WIPO Arbitration and Mediation Center
ADMINISTRATIVE PANEL DECISION
Alberto-Culver Company v. Jose Rodriguez
Case No. D2006-0841
1. The Parties
The Complainant is Alberto-Culver Company, Melrose Park, Illinois, United States of America, represented by Roberts, Mlotkowski & Hobbes, P.C., United States of America.
The Respondent is Jose Rodriguez, Secaucus, New Jersey, United States of America.
2. The Domain Name and Registrar
The disputed domain name, <mynexxus.com>, is registered with Melbourne IT trading as Internet Names Worldwide.
3. Procedural History
The Complaint was filed with the WIPO Arbitration and Mediation Center (the “Center”) on July 1, 2006. On July 3, 2006, the Center transmitted by email to Melbourne IT trading as Internet Names Worldwide a request for registrar verification in connection with the domain name at issue. On July 4, 2006, Melbourne IT trading as Internet Names Worldwide transmitted by email to the Center its verification response confirming that the Respondent is listed as the registrant and providing the contact details for the administrative, billing, and technical contact. The Center verified that the Complaint satisfied the formal requirements of the Uniform Domain Name Dispute Resolution Policy (the “Policy”), the Rules for Uniform Domain Name Dispute Resolution Policy (the “Rules”), and the WIPO Supplemental Rules for Uniform Domain Name Dispute Resolution Policy (the “Supplemental Rules”).
In accordance with the Rules, paragraphs 2(a) and 4(a), the Center formally notified the Respondent of the Complaint, and the proceedings commenced on July 7, 2006. In accordance with the Rules, paragraph 5(a), the due date for Response was July 27, 2006. The Response was filed with the Center on July 25, 2006.
The Center appointed Dennis A. Foster as the sole panelist in this matter on August 10, 2006. The Panel finds that it was properly constituted. The Panel has submitted the Statement of Acceptance and Declaration of Impartiality and Independence, as required by the Center to ensure compliance with the Rules, paragraph 7.
4. Factual Background
As part of its business, the Complainant owns a well-known line of hair care products that is sold worldwide under the trademark “NEXXUS.” Those products have been marketed since at least 1985, and the trademark is registered in the United States and in many foreign countries (e. g., United States Trademark Registration No. 2345345 dated April 25, 2000, in International Class 003 for hair care products, Complaint Annex C).
The Respondent registered the disputed domain name <mynexxus.com> on June 22, 2006. The web site found at the disputed domain name offers only links to other web sites.
5. Parties’ Contentions
The Complainant recently purchased the “NEXXUS” brand hair care line, originated as early as 1985, for $46.5 million plus conditional payments of up to $55 million over the next ten years. Products under this brand are now sold in large retail stores throughout the United States, the Respondent’s domicile, as well as in other countries.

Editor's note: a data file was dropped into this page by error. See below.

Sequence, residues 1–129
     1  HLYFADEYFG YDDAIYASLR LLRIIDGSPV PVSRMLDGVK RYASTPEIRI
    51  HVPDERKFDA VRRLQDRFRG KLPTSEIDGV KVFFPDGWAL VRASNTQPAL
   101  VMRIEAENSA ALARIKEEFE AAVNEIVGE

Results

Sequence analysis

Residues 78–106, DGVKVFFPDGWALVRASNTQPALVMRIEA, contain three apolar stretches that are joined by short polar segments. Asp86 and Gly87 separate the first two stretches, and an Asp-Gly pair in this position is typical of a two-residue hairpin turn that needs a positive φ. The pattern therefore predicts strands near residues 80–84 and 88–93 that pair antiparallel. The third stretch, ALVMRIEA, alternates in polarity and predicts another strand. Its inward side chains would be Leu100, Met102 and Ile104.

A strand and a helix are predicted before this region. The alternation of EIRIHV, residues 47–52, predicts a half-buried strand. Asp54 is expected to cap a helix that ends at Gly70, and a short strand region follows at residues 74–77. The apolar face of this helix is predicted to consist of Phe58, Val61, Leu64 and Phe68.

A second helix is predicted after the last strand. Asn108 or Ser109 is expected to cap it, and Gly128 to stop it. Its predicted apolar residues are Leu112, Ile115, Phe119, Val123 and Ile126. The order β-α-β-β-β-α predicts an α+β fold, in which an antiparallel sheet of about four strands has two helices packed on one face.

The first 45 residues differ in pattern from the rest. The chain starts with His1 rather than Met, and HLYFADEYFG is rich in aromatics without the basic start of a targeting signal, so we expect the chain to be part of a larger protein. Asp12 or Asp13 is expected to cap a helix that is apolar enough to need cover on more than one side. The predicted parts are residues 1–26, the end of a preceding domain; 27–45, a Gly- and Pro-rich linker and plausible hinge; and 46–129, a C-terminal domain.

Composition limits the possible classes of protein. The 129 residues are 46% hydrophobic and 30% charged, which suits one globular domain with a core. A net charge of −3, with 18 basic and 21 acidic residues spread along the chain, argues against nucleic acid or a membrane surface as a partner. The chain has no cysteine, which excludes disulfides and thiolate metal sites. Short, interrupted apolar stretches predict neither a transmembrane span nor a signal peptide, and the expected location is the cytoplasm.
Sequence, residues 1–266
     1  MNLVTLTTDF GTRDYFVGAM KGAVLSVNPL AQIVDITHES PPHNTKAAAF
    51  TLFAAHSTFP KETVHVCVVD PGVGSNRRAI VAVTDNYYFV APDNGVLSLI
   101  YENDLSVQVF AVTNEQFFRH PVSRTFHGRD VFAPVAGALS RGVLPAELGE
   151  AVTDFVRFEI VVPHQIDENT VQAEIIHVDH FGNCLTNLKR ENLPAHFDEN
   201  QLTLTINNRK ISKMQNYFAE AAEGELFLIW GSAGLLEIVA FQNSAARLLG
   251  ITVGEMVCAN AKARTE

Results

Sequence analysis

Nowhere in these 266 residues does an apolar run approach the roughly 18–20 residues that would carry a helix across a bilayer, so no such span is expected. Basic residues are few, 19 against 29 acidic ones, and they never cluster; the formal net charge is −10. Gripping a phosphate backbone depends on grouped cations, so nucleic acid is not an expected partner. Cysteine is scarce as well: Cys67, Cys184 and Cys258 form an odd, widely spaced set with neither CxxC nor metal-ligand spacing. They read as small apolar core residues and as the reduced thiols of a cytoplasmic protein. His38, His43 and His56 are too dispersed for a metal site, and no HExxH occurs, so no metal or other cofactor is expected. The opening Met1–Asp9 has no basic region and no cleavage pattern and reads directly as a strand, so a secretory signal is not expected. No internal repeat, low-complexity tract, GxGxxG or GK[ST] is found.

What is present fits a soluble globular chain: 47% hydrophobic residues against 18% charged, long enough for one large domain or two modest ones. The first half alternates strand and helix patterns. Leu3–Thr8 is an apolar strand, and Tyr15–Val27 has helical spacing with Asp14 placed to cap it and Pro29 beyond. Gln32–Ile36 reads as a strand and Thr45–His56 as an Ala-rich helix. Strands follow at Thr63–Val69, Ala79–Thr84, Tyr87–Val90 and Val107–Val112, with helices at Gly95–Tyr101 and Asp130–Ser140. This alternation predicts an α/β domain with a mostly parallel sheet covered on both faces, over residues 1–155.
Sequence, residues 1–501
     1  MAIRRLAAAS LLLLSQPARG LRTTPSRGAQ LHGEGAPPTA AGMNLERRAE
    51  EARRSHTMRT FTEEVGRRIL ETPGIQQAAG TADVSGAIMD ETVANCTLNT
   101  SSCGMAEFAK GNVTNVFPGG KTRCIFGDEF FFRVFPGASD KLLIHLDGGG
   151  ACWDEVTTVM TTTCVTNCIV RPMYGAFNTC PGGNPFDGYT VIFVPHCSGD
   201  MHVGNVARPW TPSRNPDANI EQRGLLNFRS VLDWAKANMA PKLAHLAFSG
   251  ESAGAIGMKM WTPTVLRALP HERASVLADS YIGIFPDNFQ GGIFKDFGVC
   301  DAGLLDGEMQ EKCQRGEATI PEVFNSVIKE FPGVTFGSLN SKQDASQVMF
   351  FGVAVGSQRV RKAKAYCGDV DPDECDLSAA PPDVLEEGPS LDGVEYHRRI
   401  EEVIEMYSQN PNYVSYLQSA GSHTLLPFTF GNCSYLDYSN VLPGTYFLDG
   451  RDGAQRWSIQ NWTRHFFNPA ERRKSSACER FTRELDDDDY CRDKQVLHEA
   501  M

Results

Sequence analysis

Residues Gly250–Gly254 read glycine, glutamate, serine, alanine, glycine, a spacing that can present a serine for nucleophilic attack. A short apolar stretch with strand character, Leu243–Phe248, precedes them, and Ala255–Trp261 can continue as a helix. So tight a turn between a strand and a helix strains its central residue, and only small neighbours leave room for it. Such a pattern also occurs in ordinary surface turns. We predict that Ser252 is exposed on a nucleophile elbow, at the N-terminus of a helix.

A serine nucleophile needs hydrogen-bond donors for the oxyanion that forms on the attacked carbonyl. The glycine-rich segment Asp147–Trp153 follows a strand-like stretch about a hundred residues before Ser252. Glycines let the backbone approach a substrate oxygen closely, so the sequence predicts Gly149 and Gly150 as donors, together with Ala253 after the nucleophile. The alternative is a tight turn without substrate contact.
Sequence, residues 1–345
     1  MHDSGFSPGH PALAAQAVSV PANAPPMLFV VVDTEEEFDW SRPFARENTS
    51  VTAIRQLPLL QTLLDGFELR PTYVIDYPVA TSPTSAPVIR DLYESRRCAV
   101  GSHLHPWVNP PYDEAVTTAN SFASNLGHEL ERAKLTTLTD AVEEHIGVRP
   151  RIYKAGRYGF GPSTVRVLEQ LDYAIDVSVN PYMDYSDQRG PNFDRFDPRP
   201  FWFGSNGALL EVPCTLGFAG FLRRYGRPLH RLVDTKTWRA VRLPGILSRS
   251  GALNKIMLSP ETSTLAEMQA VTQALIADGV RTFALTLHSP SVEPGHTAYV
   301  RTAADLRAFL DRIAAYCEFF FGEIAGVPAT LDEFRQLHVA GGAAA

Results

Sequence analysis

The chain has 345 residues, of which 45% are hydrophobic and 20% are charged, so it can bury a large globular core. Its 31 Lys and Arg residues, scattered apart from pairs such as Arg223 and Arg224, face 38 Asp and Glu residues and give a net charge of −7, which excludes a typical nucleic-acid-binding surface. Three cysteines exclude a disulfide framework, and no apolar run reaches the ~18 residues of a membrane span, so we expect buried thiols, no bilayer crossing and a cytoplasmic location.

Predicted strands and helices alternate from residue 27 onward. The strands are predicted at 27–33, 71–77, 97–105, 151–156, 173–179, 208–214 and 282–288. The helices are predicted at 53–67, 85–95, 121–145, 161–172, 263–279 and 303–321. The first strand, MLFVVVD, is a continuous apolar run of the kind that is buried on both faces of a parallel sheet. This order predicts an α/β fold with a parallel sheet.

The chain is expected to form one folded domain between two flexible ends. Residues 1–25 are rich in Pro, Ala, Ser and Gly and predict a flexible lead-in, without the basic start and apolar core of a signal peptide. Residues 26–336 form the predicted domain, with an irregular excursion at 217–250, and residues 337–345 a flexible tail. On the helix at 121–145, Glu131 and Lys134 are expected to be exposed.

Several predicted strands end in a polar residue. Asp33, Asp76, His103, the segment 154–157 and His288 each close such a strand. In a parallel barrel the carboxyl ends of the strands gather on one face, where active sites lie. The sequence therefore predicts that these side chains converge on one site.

The Complainant owns many trademark registrations for the mark “NEXXUS” throughout the world, including a first United States registration in 1985. The Complainant also owns the domain name <nexxus.com>. Thus, the Respondent had at least constructive notice of the Complainant’s rights in the mark.
The Complainant has spent considerable amounts of money, time and effort in securing, developing, promoting, advertising and protecting its world-famous “NEXXUS” marks. As a result of the Complainant’s extensive advertising and promotion, the public associates the “NEXXUS” mark with the reputable goods provided by the Complainant.
The Complainant routinely monitors for impermissible uses of its marks, and has authorized cease and desist letters to companies and individuals who are wrongfully using any “NEXXUS” mark.
The disputed domain name is virtually identical to the Complainant’s mark. The addition of “my” in the name does not lessen, but increases, the confusion with that mark.
The Respondent is not using the disputed domain name in connection with a bona fide offering of goods, or making a legitimate noncommercial or fair use of it.
The Respondent has registered the disputed domain name intending to either: (1) profit from the sale of the name by selling it to the Complainant; (2) profit from the sale of the name by selling it to a competitor of Complainant so that the competitor could divert sales; (3) develop the Respondent’s own web site(s) using the Complainant’s trademarks, with the intent to divert customers away from the Complainant, cause confusion in the marketplace, or otherwise trade on the goodwill and name of the Complainant; and/or (4) prevent the Complainant from registering the domain name for its own use in its business. Thus, the Respondent has no rights in the disputed domain name and has registered it in bad faith.
The only “content” on the web site found at the disputed domain name is an attempt to redirect traffic to other web sites, not a bona fide offering of goods or services. Such web sites allow domain name registrants to profit from their illicit activity with virtually no effort by collecting “click through” or similar fees. By linking to competitive web sites, the Respondent is illicitly profiting from the goodwill associated with the Complainant’s mark as well as actively diverting the Complainant’s potential customers to the sites of others.
Neither known in any way as “Nexxus” nor operating under a similar trade name, the Respondent registered and is using the disputed domain name with full knowledge that such activities infringe upon the Complainant’s trademark and constitutes cybersquatting.
The Respondent’s web site is “blacklisted” as a site associated with spamming. Thus, the Respondent may be using the goodwill attached to the Complainant’s mark to send people unsolicited e-mail.
The Respondent registered the disputed domain name intending it for personal use as a conduit for the expression of amateur poetry and writing.
The disputed domain name is related in no way to the products of the Complainant, but refers instead to a utopian place depicted in a motion picture.
The Respondent has not started work on a web site connected with the disputed domain name pending the outcome of this proceeding.
6. Discussion and Findings